More on Reimbursement

Study: 1 in 3 plans exceed ACA out-of-pocket limits

When deductibles are taken into account, about one-third of individual and family health plans currently exceed the Affordable Care Act's baseline limit on out-of-pocket expenses, researchers at the consumer website estimate.

Analyzing federally-collected data on 9,752 individual and family insurance plans, Kev Coleman,'s head of research and data, found a national average of $6,019 in out-of-pocket expenses (including deductibles), a bit shy of the ACA's bronze-level cap of $6,250 per year.

State averages, though, varied from $3,192 in New Jersey, to $10,013 in Vermont, with 15 states exceeding the bronze-level limit, which takes effect in 2014.

The analysis also found that 38 percent of plans studied did not include the deductible within their out-of-pocket limit, "concealing the full amount a beneficiary could pay annually if the Summary of Benefits wasn't read carefully," said Coleman, a former eHealth product development VP who previously helped launch the lead generation software provider Experion Systems.

The study found Vermont, Florida, Alabama, Arizona, Oregon and Washington had average out-of-pocket expenses more than $1,000 over the ACA's limit, while Georgia, Mississippi, Arkansas, Michigan, Minnesota, Texas, Idaho and Montana had average -out-of-pocket costs of less than $1,000 over the $6,250 bronze threshold.

Fourteen states, including Maine, Massachusetts, Indiana and New York, had average annual out-of-pocket costs of less than $5,000, with New Jersey, Hawaii and North Dakota having average out-of-pocket costs under $4,000.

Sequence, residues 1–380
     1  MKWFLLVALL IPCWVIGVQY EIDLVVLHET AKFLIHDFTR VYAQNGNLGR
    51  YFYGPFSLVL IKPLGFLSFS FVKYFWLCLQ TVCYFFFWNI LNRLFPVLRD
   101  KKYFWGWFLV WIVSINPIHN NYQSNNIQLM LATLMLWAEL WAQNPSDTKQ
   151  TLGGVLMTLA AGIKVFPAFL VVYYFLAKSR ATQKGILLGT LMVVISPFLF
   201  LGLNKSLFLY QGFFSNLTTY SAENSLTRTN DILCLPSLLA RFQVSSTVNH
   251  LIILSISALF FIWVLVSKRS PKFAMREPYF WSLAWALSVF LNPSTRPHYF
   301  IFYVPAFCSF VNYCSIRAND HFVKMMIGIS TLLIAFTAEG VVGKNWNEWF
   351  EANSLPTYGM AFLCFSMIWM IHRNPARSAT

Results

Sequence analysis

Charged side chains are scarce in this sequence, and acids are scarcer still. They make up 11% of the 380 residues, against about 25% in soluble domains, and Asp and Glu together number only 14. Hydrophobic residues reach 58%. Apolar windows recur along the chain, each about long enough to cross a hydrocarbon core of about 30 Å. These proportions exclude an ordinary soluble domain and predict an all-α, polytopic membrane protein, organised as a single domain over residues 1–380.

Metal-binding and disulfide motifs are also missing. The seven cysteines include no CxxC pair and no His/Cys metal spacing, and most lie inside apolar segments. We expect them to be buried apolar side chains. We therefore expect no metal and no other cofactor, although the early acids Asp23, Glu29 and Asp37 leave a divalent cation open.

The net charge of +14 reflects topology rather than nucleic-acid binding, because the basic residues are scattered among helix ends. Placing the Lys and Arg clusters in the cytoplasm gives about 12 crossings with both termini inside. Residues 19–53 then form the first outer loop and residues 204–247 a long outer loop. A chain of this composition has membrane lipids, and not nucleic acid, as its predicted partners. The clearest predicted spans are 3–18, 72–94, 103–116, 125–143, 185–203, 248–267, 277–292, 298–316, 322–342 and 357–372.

Coleman said the ACA's cap on out-of-pocket costs, with insurers required to include deductibles in the calculation, "will have a highly regional impact, with consumers in states such as Vermont, Washington, Oregon, Alabama, and Florida seeing some of the biggest benefits."

The ACA reduces the out-of-pocket limit for people with lower incomes, providing a 33 percent reduction for people with adjusted gross income between 300 and 400 percent the federal poverty level (FPL) and a 66 percent reduction for people below 200 percent FPL.

In terms of the consumer benefits of the cap by demographics, Coleman thinks the out-of-pocket limits are likely to have "a disproportionate value to moderate and higher income Americans facing chronic diseases or persistent poor health, since this group is most likely to reach the annual limits."

Founded by former eHealth executives last November, is trying to fill what it sees a transparency gap for health insurance consumers, including seniors shopping for Medicare Advantage. In another recent study of a practice being phased out under the ACA, found that about 20 percent of health plan applications were initially rejected.   

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